- With Mayo Clinic internist
James M. Steckelberg, M.D.read biographyclose window
James M. Steckelberg, M.D.James Steckelberg, M.D.
Dr. James Steckelberg is a consultant in the Division of Infectious Diseases and a professor of medicine at Mayo Medical School.
A native of Fremont, Neb., Dr. Steckelberg was a Rhodes Scholar and graduated from the Mayo Graduate School of Medicine as a resident in internal medicine and a fellow in infectious diseases, and is board certified in both. He is the former director of the Infectious Diseases Research Laboratory at Mayo Clinic.
Dr. Steckelberg belongs to numerous professional organizations. He is a founding member of the Musculoskeletal Infection Society and a fellow of the American College of Physicians and of the Infectious Diseases Society of America. He has served on many Mayo Clinic committees and is a member of the Department of Medicine Leadership Committee and of the executive committee of the Division of Infectious Diseases. He also served on the editorial boards of "Mayo Clinic Proceedings" and "Antimicrobial Agents and Chemotherapy" and has been an editorial reviewer for more than a dozen publications.
Dr. Steckelberg's research interests include experimental models of infection, epidemiology of infection, and antimicrobial resistance and therapy of bacterial infections.
- Trouble breathing: Could it be asthma?
- Acute bronchitis: Is it contagious?
Acute bronchitis: Is it contagious?
Is acute bronchitis contagious?
from James M. Steckelberg, M.D.
Yes. Most cases of acute bronchitis are caused by viral infections. Influenza viruses are a common cause, but many other viruses also have been identified in people with acute bronchitis. These viruses spread from person to person through direct and indirect contact.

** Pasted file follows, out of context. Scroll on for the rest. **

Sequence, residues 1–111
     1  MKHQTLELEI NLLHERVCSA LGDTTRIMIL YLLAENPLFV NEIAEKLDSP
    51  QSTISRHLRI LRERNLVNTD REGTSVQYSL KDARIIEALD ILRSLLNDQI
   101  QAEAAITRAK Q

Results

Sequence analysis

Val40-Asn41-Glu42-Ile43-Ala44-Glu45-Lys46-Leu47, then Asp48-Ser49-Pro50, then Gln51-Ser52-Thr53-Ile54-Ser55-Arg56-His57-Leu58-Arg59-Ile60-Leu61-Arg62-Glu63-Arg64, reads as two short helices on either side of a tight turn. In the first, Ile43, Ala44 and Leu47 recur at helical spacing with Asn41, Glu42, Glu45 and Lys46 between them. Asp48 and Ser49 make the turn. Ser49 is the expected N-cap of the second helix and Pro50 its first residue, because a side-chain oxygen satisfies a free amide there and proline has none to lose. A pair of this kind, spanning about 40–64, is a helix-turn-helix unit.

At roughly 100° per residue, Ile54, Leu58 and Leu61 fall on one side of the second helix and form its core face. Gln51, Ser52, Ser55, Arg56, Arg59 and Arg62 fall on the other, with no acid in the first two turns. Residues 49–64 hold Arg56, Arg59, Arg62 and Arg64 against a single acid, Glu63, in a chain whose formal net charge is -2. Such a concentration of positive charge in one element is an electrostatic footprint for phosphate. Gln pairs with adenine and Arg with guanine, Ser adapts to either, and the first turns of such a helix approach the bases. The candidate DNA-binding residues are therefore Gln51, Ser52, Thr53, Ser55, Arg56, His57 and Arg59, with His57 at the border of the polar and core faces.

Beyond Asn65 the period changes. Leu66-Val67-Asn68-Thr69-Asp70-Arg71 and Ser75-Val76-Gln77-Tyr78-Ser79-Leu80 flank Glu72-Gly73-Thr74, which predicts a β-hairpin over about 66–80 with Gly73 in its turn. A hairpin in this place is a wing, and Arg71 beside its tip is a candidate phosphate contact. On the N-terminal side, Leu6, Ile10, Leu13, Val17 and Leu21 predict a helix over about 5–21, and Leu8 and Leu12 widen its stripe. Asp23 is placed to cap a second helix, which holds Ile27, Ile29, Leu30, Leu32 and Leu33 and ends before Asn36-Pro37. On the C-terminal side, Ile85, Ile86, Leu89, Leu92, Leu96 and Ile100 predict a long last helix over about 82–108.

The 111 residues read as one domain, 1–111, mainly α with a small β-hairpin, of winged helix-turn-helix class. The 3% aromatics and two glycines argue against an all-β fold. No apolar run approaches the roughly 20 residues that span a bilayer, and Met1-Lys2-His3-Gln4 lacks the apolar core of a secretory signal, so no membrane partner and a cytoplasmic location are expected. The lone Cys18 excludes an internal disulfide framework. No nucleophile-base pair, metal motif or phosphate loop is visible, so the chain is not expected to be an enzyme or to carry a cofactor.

To reduce the risk of "catching" bronchitis:
- Avoid close contact with sick people
- Wash your hands often or use hand sanitizers regularly
- Avoid touching your eyes, nose and mouth
- Get an annual flu vaccination
People who have chronic bronchitis or asthma sometimes develop acute bronchitis. In these cases, the acute bronchitis is most likely a complication of their existing condition, and not caused by an infectious virus, so it's less likely to be contagious.Next question
Trouble breathing: Could it be asthma?
- Bope ET, et al. Conn's Current Therapy. Philadelphia, Pa.: Saunders Elsevier; 2013. http://www.mdconsult.com/books/about.do?about=true&eid=$eid&isbn=978-1-4557-0295-4&uniqId=398813857-1936. Accessed May 7, 2013.
- File TM Jr. Acute bronchitis. http://www.uptodate.com/home. Accessed May 7, 2013.
- Everyday preventive actions that can help fight germs, like flu. Centers for Disease Control and Prevention. http://www.cdc.gov/flu/freeresources/print-general.htm. Accessed May 8, 2013.